Hokkaido University Collection of Scholarly and Academic Papers >
Graduate School of Environmental Science / Faculty of Environmental Earth Science >
Peer-reviewed Journal Articles, etc >
Tree seedling performance in microhabitats along an elevational gradient on Mount Koma, Japan
|Title: ||Tree seedling performance in microhabitats along an elevational gradient on Mount Koma, Japan|
|Authors: ||Akasaka, Munemitsu Browse this author|
|Tsuyuzaki, Shiro Browse this author →KAKEN DB|
|Keywords: ||Allometric relationship|
|Issue Date: ||Dec-2005|
|Publisher: ||International Association for Vegetation Science|
|Journal Title: ||Journal of Vegetation Science|
|Start Page: ||647|
|End Page: ||654|
|Publisher DOI: ||10.1111/j.1654-1103.2005.tb02407.x|
|Abstract: ||Questions: How do biological invasion patterns of larch (Larix kaempferi) seedlings change with different microhabitats along an elevational gradient on a volcano? How are seedling attributes such as establishment, competitive ability and morphological plasticity, advantageous to the invasion of stressful disturbed areas? Location: Mount Koma, Hokkaido, Japan.
Methods: Seed-sowing experiments and natural-seedling censuses were conducted with L. kaempferi and the dominant native tree Betula ermanii. Seed germination, seedling survival and allocation were investigated on three microhabitats (bareground, Salix reinii patch, and Larix understory) in three elevational zones for three years.
Results: For the two species, seed germination was higher in Larix understories than in bareground and Salix patches, but did not differ between elevations. Survival rates were not different between elevations and microhabitats. Larix had a higher survival rate than Betula. Larix showed the highest natural-seedling density in Salix patches, independent of elevational differences, while Betula density was nearly zero. Larix seedlings changed allocations between microhabitats, while the ratio of leaf to total biomass was constant. In bareground Larix became more stunted and branched and increased its allocation to the roots. This form is adaptive to windy, nutrient-poor environments. Larix seedlings became more tall and slender in Salix patch, indicating that the priority was light acquisition in shaded habitats. Little change in Betula allocation was detected.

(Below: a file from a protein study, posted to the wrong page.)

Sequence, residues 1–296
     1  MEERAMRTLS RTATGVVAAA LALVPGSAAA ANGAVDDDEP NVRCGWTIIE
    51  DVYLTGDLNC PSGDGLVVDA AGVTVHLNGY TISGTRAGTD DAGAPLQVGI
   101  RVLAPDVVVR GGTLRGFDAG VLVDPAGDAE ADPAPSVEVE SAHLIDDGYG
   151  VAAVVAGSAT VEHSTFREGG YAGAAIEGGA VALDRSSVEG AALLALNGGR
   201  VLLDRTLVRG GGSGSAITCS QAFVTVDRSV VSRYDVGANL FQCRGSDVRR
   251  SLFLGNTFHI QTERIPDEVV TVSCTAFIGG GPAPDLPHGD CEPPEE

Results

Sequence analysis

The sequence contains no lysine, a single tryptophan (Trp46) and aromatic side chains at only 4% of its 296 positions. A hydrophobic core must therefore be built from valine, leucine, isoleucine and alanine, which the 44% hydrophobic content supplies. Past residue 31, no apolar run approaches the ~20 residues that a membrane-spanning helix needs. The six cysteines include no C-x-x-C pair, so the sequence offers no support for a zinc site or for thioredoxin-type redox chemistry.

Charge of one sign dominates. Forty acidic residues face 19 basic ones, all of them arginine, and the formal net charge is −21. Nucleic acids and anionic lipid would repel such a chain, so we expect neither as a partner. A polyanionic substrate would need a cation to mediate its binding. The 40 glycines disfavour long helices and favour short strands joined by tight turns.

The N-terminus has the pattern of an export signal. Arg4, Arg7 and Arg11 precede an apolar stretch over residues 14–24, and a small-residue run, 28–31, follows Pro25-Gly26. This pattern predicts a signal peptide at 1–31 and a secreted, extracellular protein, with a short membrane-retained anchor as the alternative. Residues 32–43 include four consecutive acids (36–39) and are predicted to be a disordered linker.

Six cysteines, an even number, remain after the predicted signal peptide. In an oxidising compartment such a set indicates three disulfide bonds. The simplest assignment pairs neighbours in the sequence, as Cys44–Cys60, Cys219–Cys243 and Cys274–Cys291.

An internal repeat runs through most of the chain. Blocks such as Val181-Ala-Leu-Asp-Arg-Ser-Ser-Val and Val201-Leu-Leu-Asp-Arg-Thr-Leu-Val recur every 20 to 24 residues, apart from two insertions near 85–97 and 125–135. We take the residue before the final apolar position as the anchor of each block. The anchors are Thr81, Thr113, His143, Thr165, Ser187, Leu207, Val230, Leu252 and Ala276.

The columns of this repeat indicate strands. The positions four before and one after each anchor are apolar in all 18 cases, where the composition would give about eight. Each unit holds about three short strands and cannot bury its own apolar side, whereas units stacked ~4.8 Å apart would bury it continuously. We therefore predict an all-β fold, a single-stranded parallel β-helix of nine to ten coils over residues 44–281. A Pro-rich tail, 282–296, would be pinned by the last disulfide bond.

Conclusion: Invasive species establish themselves more efficiently than native species in every microhabitat especially at higher elevations by having higher survival and growth rates derived from superior seedling performance. Plant communities on and above treeline are modified by the biological invasion.|
|Rights: ||This is the pre-peer reviewed version of the following article: Journal of Vegetation Science, 16(6), 2005, pp. 647-654, which has been published in final form at http://dx.doi.org/10.1111/j.1654-1103.2005.tb02407.x|
|Type: ||article (author version)|
|Appears in Collections:||環境科学院・地球環境科学研究院 (Graduate School of Environmental Science / Faculty of Environmental Earth Science) > 雑誌発表論文等 (Peer-reviewed Journal Articles, etc)|
Submitter: 赤坂 宗光